Tips on Growing Herbs

Herbs have a wide variety of culinary, medicinal and cosmetic uses. They can be used fresh or dried for storage. Annual and perennial herbs beautify your garden, attract beneficial insects, and smell wonderful. Most types of herbs are easy to grow, giving you a choice of fresh flavors and scents at your fingertips.

Growing Conditions

Most herbs can grow in containers or in a garden. They require well-drained soil, and extra fertilization is usually not required for all but the poorest soils. Perennials like lavender and rosemary do well in alkaline soil and spearmint and basil prefer rich, loamy soils. Most herbs need full sun during the growing season, but some types like catnip, peppermint, and tarragon prefer partial shade from the sun's heat. Make sure your garden or container has good drainage, and plan your herb garden around your herbs' sun and soil requirements. Consider placing culinary herbs near the kitchen for easy access while cooking.


According to Jo An Gardner, author of "Herbs In Bloom: A Guide To Growing Herbs As Ornamental Plants," bushy, compact herb plants that are bush are usually the healthiest, with larger, lusher leaves. You can tend to young annuals by pinching off the top few inches from the tips of the stalks. Pinch off flower buds as soon as they appear on annual and perennial herbs to prolong the time you can harvest leaves, and the leaves will have more flavor if the plant isn't putting its energy into flowers. Spent annuals can be removed from the garden and composted or thrown away in the fall. You can leave perennials over the winter with some mulch around the base and they will grow new leaves in the spring. In the fall and spring, cut off any dead or dying material from perennial herbs. Cut back perennial herbs by one-third in the spring to encourage lush, bushy growth.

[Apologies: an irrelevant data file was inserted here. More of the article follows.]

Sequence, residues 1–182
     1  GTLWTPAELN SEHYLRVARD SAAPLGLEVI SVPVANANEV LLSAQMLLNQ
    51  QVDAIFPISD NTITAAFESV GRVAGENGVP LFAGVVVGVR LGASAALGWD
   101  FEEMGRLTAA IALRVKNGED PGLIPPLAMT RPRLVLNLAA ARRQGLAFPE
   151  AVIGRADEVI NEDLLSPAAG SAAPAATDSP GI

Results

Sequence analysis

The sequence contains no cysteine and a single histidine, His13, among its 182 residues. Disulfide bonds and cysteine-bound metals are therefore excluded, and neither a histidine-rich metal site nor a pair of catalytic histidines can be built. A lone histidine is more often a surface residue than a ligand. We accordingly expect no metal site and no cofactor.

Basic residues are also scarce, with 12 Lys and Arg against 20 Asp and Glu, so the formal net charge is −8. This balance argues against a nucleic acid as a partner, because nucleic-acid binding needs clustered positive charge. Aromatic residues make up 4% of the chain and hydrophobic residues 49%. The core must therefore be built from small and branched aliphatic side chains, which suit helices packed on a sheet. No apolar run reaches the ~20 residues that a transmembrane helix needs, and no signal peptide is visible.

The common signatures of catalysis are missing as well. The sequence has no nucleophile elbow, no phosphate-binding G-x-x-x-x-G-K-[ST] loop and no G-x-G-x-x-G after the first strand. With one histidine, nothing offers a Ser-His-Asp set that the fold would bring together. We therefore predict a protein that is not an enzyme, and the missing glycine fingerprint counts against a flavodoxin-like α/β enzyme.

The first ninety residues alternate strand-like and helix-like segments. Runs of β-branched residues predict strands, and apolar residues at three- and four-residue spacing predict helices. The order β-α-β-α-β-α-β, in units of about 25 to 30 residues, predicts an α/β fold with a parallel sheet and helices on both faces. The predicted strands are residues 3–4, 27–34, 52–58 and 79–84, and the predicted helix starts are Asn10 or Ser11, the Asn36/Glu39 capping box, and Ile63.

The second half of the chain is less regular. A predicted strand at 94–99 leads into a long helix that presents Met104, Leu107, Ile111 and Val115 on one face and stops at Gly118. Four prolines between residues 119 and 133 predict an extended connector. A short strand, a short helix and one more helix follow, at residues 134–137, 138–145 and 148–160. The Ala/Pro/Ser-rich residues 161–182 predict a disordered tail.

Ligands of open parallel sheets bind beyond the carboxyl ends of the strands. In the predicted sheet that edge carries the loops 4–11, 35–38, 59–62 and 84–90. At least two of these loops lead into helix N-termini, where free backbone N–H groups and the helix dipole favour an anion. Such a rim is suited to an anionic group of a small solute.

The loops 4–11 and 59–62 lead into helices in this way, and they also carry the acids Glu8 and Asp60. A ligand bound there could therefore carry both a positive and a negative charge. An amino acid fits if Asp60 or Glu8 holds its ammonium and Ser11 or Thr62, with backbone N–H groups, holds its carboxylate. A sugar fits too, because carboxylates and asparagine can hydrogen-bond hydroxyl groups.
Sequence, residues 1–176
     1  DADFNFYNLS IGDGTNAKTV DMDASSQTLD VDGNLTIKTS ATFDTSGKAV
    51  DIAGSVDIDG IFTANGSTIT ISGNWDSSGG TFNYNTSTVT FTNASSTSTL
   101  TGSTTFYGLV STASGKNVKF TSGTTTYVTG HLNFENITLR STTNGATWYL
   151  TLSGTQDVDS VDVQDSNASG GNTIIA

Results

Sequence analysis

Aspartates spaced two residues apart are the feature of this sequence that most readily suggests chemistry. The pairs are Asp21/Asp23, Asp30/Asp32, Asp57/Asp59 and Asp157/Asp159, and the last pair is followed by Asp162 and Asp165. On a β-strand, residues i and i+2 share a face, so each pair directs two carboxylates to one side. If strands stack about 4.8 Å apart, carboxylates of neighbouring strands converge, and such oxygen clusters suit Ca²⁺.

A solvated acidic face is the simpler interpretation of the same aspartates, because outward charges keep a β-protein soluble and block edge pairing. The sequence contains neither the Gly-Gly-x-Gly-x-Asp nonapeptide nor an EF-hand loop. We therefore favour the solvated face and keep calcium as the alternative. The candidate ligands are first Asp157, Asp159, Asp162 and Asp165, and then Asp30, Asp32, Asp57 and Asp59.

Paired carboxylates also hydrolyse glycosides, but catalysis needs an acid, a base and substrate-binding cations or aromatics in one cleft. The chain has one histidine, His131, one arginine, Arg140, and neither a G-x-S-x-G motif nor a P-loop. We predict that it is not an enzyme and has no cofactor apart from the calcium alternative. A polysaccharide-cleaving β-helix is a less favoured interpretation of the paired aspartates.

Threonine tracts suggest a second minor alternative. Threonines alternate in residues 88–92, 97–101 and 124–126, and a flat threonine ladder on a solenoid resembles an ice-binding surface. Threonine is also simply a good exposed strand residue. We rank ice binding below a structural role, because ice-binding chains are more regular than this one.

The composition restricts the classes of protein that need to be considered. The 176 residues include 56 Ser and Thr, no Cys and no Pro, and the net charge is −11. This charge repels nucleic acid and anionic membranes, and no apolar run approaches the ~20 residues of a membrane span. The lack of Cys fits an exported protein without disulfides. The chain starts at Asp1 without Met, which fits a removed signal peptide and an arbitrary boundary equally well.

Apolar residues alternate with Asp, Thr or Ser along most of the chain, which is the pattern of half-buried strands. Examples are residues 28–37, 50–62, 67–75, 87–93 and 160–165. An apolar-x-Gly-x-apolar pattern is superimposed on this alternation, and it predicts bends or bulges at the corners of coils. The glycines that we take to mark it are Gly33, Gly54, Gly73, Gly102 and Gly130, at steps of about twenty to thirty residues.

Annual herbs like borage, chamomile, and cilantro can be sown directly into the garden or in containers in spring, or you can germinate them indoors for transplanting outside when the weather warms up. Perennial herbs with woody stems like lavender are more difficult to start from seed and can be slow to establish. Perennial herbs are often propagated with cuttings or through plant division. Cuttings tend to be most successful in spring when growth is vigorous.Choose some new growth on a hardy plant and make a clean slice with a sanitized razor blade or clippers right above the joint at the main stalk. Apply rooting hormone to the cut tip, if desired. Place the cutting into a pot with a light, moist potting mix, set it out in the sun, and keep it well-watered. Plant division is usually done in the fall when plants are dormant. Choose a large plant with a tender base such as mint or catnip, and dig it up. Cut the root ball with a shovel to divide the plant into sections and replant them.

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